Do-it-yourself brain stimulation has
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[July 23, 2016]
By Kathryn Doyle
(Reuters Health) - Healthy people looking to enhance brain function with
do-it-yourself electrical brain stimulation may encounter unexpected
results, have difficulty predicting how they will react to the
stimulation, and have long-lasting changes in function, according to a
new editorial by neurologists.
“There are a variety of different devices, however the simplest and
most common approach is to place two saline soaked sponges on the
scalp and run a weak electrical current through them,” senior author
Dr. Michael D. Fox of Beth Israel Deaconess Medical Center in Boston
told Reuters Health by email. “It can be done at home with a couple
of sponges and a 9 volt battery, which is why DIY tDCS exists.
Whether it should be done is a different question.
Transcranial direct current stimulation (tDCS) can improve some
brain functions, but most studies have focused on easing symptoms
for patients with brain disease, said coauthor Dr. Roy H. Hamilton
of the University of Pennsylvania in Philadelphia.
“Transcranial electrical stimulation of the brain seems to be safe
from experimental and clinical data we have available, at least at
the levels that we administer it in research studies and clinical
studies,” Hamilton told Reuters Health by phone. “At those levels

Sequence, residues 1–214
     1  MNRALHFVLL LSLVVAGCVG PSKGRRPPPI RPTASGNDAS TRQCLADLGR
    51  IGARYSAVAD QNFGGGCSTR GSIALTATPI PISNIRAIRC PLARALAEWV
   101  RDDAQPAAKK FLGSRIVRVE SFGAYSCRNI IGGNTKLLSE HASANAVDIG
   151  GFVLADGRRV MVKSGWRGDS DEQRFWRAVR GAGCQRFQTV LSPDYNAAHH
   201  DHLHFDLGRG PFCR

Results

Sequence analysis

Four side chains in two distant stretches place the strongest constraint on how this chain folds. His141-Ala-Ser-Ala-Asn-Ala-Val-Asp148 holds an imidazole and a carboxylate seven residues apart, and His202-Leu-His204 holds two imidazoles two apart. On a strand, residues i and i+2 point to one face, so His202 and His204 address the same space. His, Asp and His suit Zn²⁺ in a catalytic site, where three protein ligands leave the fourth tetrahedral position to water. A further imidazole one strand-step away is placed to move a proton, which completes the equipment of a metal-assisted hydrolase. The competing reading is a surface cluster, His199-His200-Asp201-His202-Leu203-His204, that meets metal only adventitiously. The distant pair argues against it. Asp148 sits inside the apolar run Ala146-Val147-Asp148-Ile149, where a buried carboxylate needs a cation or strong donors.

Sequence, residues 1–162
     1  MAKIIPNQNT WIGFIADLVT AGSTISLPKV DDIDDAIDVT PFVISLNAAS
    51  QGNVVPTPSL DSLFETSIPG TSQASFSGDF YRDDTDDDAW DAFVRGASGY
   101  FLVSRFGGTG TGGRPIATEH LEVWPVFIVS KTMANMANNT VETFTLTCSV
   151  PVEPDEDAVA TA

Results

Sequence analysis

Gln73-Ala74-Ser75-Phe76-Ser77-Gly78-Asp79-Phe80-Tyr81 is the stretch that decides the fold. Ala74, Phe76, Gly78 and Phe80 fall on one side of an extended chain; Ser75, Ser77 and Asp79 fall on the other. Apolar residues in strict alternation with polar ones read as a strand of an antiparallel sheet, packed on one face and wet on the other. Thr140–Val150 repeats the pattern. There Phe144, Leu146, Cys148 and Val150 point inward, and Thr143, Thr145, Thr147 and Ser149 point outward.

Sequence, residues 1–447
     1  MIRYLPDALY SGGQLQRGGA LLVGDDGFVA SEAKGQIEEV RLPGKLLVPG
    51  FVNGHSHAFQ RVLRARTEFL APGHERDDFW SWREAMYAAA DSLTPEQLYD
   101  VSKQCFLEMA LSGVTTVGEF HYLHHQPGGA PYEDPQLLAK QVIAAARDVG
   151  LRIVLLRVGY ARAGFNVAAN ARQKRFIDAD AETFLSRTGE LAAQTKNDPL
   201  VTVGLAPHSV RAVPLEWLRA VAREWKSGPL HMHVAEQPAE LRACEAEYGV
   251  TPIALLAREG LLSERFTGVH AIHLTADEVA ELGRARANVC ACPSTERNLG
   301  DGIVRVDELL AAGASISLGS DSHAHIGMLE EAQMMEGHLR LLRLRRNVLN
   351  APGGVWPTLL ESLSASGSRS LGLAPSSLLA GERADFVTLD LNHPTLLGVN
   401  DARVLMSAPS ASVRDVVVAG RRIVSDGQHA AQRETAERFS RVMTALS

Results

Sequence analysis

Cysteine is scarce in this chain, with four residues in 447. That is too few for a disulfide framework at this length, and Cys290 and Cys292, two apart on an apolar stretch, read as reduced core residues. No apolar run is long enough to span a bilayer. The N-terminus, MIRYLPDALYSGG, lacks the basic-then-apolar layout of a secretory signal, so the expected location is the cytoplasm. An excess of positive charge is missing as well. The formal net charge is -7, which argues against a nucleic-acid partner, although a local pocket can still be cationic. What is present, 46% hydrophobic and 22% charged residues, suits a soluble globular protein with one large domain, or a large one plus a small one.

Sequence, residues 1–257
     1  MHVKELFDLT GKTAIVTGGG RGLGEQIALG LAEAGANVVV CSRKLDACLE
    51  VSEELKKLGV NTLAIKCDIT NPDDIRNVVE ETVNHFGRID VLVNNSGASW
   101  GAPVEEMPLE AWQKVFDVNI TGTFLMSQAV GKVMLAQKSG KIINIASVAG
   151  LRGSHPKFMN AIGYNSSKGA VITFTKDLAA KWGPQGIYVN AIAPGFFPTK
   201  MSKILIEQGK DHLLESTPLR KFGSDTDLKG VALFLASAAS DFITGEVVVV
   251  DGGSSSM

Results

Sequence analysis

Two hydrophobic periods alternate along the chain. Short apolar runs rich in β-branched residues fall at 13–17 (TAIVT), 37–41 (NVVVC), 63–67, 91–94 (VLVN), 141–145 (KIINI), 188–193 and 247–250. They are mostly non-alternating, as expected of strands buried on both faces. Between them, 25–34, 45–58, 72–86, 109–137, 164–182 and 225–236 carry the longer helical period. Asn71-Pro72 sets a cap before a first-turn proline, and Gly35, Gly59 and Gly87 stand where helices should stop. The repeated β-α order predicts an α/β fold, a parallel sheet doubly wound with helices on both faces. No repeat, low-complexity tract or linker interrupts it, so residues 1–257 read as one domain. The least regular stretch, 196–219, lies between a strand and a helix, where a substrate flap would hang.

and durations the side effect profile for tDCS is mild.”
Some people experience an itching or burning sensation at the
stimulation site, some report headache or fatigue, but generally
speaking there are no serious or adverse effects in medical
settings, he said.
The risks and benefits for healthy people will be different,
“For individuals who are interested in enhancing their cognition, it
does seem as though when applied transiently there is some gain
there,” he said.
But electrical stimulation may affect other regions of the brain,
beyond those directly beneath the electrodes. It may interact with
ongoing brain activity if a user is active during stimulation, may
improve some functions while hindering others, and effects may vary
widely by individual, the authors write in the Annals of Neurology.
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“I’d estimate that there have been tens of thousands of devices sold
in the last few years, though it’s not clear whether people purchase
them and continue to use them, or whether they purchase them and
throw them away,” said Anna Wexler, visiting scholar at the Center
for Neuroscience and Society at the University of Pennsylvania who
was not part of the new editorial.
The strongest evidence indicates electrical stimulation can be
effective for treating depression or pain, Wexler told Reuters
Health by email.
“It’s unclear whether or not the risk:benefit ratio is as favorable
when you’re talking not about undoing the effects of some injury or
disease but taking normal individuals and enhancing them to a point
above their normalcy,” Hamilton said. “It’s unclear how much risk
one ought to tolerate.”
He doesn’t want to dissuade or encourage people to try this at home,
“There’s no restriction that would preclude a person from purchasing
a device online or going to local radio shack and creating one of
these devices themselves,” he said.
“I do think it’s important for them to have a sense of the kinds of
things that are known or not known about stimulation,” Hamilton
said. “And possible effects that stimulation might have that they
may or may not be considering.”
SOURCE: http://bit.ly/1WqYvtS Annals of Neurology, online July 7,
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